Dr. Aminur Rahim
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Dr. Aminur Rahim is an Asian Canadian Professor in Development Studies at the University of Fort Hare, Eastern Cape, South Africa. He has taught at the University of Zimbabwe, Harare, York University Toronto and the Gaffargaon College in Bangladesh. He is the author of the 1997 book, Politics and National Formations in Bangladesh.  
Rahim has published articles on education and the formation of class, the sociology of education, identity politics, and multiculturalism and ethnicity. His forthcoming book entitled “Rights to Food in Africa: Learning from Asian experiences” will be published in 2014 by Xlibris, a Penguin Random House Company.
Professor Rahim holds a BA Hon., MA, (Rajshahi University), MA (University of Waterloo), and PhD (University of Toronto.
His research interests include Decolonisation and Human Development, Nation and Political Formations, Theories of Development, State, Education and Development, Research Methodology, Race and Ethnicity in Canada and the United States, South Asia, East Asia.
"Territorial politics and national development in Pakistan (1947-1969)." Asian Profile, 10:3, June, 1982.  
"Multiculturalism or Ethnic Hegemony: A Critique of Multicultural Education in Toronto." Journal of Ethnic Studies, 18:3, 29-46 Fall 1990. 
"After the Last Journey: Some Reflections on Bangladeshi Community Life in Ontario." Polyphony, 12, 1990, 8-11. © 1991 Multicultural History Society of Ontario. 
"The Political Economy of English Education in Muslim Bengal: 1871-1912." Comparative Education Review, 36:3, August 1992, 309-321. Published by: The University of Chicago Press. Article Stable URL: http://www.jstor.org/stable/1188641. 
"Bangladeshs Deadly Waltz with Political Islam." December 24, 2005. 
"Communalism and Nationalism in Bangladesh." Journal of Asian and African Studies, 42:6, December 2007, 551-572. 
"Rights to Food with a Human Face in the Global South." Journal of Asian and African Studies. 46:3 June 2011. 237-249. 
“Between ethnicity, nationality and development in Nigeria." with Toyin Cotties Adeltiba. International Journal of Development and Sustainability. 1:3, (2012). 656-674. Special Issue: Development and Sustainability in Africa – Part 1. 
"Towards Ethnic Conflict Management in Nigeria: The Adoption of a Multi-party Democracy." with Toyin Cotties Adetiba. Research on Humanities and Social Sciences, 2:7, 2012.  [iiste.org [PDF]]
"Decentralized Governance in Nigeria: A Means to An End." with Toyin Cotties Adetiba. Research on Humanities and Social Sciences. 2:8 2012. 
"Good Governance and Sustainable Socio-political Development in Nigeria: A Discourse." with Toyin Cotties Adetiba. Researach on Humanities and Social Sciences. 2:10, 2012. 
Indigenous, Education and Development: Critical Reflections. Edited By Aminur Rahim and Fhulu Nekhwevha. University of Fort Hare & Lovedale Press, 2012.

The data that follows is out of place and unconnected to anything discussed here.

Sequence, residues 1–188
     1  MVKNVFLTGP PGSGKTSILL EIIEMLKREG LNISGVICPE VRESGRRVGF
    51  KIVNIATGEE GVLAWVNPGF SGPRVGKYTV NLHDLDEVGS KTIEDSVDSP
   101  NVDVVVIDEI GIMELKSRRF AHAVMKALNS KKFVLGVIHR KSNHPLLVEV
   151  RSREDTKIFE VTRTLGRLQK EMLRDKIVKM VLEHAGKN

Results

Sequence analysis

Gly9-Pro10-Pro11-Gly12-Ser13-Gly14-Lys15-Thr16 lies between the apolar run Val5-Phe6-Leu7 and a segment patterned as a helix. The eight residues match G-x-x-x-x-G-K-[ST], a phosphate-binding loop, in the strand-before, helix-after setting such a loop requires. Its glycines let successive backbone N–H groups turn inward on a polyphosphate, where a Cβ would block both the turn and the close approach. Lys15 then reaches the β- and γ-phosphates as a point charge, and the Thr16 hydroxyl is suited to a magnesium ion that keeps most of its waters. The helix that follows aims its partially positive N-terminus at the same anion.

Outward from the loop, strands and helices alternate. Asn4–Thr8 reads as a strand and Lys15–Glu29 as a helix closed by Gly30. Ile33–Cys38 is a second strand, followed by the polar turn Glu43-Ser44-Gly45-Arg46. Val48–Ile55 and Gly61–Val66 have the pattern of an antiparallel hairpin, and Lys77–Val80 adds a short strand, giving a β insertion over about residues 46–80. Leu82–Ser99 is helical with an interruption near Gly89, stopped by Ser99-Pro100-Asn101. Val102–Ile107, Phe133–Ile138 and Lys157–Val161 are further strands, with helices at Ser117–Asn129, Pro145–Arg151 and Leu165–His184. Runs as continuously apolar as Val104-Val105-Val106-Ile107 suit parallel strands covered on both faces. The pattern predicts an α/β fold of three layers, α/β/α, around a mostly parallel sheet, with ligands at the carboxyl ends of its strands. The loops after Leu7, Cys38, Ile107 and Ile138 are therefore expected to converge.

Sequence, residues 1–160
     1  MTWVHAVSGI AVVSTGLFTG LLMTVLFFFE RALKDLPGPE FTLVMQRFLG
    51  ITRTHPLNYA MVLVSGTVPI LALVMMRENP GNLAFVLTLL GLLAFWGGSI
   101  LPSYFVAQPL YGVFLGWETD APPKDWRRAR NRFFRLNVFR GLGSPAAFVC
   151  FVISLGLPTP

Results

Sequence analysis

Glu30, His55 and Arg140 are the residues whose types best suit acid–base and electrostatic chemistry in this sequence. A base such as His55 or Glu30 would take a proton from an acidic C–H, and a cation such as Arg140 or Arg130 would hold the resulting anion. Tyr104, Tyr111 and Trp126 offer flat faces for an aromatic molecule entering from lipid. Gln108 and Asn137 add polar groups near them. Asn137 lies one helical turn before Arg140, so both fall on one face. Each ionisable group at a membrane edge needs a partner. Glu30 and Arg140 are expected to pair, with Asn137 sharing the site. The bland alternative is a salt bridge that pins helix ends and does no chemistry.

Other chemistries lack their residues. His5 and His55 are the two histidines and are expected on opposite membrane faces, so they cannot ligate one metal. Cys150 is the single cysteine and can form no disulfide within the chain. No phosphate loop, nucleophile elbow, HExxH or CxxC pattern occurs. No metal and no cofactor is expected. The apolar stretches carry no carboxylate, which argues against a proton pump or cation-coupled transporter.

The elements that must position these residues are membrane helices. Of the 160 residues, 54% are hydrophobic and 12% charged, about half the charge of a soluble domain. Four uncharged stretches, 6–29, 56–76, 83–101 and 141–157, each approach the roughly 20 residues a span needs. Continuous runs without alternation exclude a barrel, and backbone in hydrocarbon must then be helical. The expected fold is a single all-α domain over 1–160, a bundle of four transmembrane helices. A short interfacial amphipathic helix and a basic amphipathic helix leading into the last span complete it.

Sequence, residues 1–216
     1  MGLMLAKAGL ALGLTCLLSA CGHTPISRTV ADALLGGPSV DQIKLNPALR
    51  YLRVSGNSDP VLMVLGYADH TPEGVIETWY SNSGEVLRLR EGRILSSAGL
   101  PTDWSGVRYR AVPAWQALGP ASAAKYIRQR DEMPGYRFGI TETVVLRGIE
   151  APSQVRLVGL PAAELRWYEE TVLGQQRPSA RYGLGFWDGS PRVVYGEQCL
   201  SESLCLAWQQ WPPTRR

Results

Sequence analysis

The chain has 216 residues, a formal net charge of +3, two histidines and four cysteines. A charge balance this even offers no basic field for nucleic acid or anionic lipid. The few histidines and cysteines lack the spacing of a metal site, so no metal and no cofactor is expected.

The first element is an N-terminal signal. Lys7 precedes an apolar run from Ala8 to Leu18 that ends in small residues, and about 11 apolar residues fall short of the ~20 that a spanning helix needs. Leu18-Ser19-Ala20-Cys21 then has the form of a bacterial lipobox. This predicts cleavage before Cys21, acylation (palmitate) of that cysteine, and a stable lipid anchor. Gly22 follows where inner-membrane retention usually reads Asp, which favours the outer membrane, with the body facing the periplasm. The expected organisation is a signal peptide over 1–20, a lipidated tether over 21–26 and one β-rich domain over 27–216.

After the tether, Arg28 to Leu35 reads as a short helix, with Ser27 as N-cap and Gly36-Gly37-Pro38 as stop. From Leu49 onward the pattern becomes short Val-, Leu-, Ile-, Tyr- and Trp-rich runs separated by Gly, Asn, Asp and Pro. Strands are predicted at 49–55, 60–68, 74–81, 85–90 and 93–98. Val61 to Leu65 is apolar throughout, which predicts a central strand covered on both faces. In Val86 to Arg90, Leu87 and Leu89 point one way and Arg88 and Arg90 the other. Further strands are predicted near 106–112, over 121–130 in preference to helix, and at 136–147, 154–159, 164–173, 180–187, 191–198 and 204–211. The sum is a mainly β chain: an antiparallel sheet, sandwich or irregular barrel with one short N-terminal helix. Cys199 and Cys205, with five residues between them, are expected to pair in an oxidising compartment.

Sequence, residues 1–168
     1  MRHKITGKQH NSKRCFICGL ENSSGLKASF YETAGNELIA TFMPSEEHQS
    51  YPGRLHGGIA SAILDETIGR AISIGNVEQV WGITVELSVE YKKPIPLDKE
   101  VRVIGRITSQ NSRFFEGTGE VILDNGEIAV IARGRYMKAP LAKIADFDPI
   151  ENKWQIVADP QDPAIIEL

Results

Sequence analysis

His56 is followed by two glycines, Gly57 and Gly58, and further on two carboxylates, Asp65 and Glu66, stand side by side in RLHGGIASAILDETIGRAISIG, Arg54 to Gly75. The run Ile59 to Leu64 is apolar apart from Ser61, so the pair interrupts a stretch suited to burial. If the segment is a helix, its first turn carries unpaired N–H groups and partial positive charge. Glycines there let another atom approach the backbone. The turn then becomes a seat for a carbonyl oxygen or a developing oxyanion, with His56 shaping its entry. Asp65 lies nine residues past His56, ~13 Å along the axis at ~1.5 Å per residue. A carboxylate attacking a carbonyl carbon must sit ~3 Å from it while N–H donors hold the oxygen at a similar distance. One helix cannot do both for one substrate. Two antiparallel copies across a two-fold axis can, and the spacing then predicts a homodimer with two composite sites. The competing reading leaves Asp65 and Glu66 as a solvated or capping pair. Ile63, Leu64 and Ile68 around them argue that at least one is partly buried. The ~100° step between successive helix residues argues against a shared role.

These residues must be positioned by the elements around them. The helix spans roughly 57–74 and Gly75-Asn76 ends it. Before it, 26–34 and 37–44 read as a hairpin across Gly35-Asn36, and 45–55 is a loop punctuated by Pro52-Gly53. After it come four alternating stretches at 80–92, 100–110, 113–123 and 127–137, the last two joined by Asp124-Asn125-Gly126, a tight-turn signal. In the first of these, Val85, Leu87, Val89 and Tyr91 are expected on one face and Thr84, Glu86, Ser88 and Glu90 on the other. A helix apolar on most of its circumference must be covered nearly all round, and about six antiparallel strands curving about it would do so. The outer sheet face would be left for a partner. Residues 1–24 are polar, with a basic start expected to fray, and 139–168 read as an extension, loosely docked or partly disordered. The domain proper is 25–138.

Review of The Clash Within: Democracy, Religious Violence, and India's Future by Martha C. Nussbaum. Asian Affairs An American Review. 34:4, 2008. 232–33. 
"Can We Trust Obama." 2009 Philosophy Colloquium, Alice and East London. August 4, 2009. 
"Globalization and Food Security with a Human Face," November 17, 2009. Visiting Fulbright Scholar, Global Legal Studies, University of Wisconsin-Madison, Noon-1:15pm, Lubar Commons (7200 Law). 
“Rethinking Research for the Knowledge Society” at the Community Engagement Colloquium held at an East London hotel. December 2010. 
"Roots of Islam in Pakistan," January 18, 2012. 
"Repositioning Africa in the Age of New Globalization." The Third Biennial Conference of the South African Development Studies Association (2013)THE CRISIS OF DEVELOPMENT IN SOUTHERN AFRICA School of Tourism and Hospitality; University of Johannesburg, South Africa 05 – 06 September, 2013. 
On January 20, 2014, he presented a lecture entitled: The Bangladeshi and the Chinese Diaspora in Canada: A Comparative Perspective at the East Asian Library, University of Toronto.
Globalization, caused by imperialism, trade or labor migration, has originated the influx of settlers from the South to the North. Such influx is, both involuntary and voluntary, a response to political, social and economic insecurities in the homeland. The Canadian government has developed a flexible immigration policy that is in tune with meeting the increasing labor demands in local conditions, encouraged by the various immigrants in the building of Diaspora communities. Unlike the immigrant community, the Diaspora is a discrete community in space with a strong sense of cohesion. The purpose of this talk is to explore how Bangladeshis and Chinese immigrants have managed to maintain their transnational, hyphenated and diasporic identities against the constant motion of interpretation and re-interpretation through the struggle for community space and community representation. From this perspective, migratory souls have multiple identities and multiple homes –borderless beings. Living away from home does not mean longing for the ancestral lands has diminished; rather, diasporic cultural development often compensates through social coherence. By looking at various socio-cultural mechanisms of identity formation, this presentation argues that immigrants’ identity is not fixed; rather, it is always in a state of flux. To explicate this hypothesis, a comparison of the Bangladeshi and the Chinese communities will be made to demonstrate whether there is a common strand (trend) between the experience of two communities or not.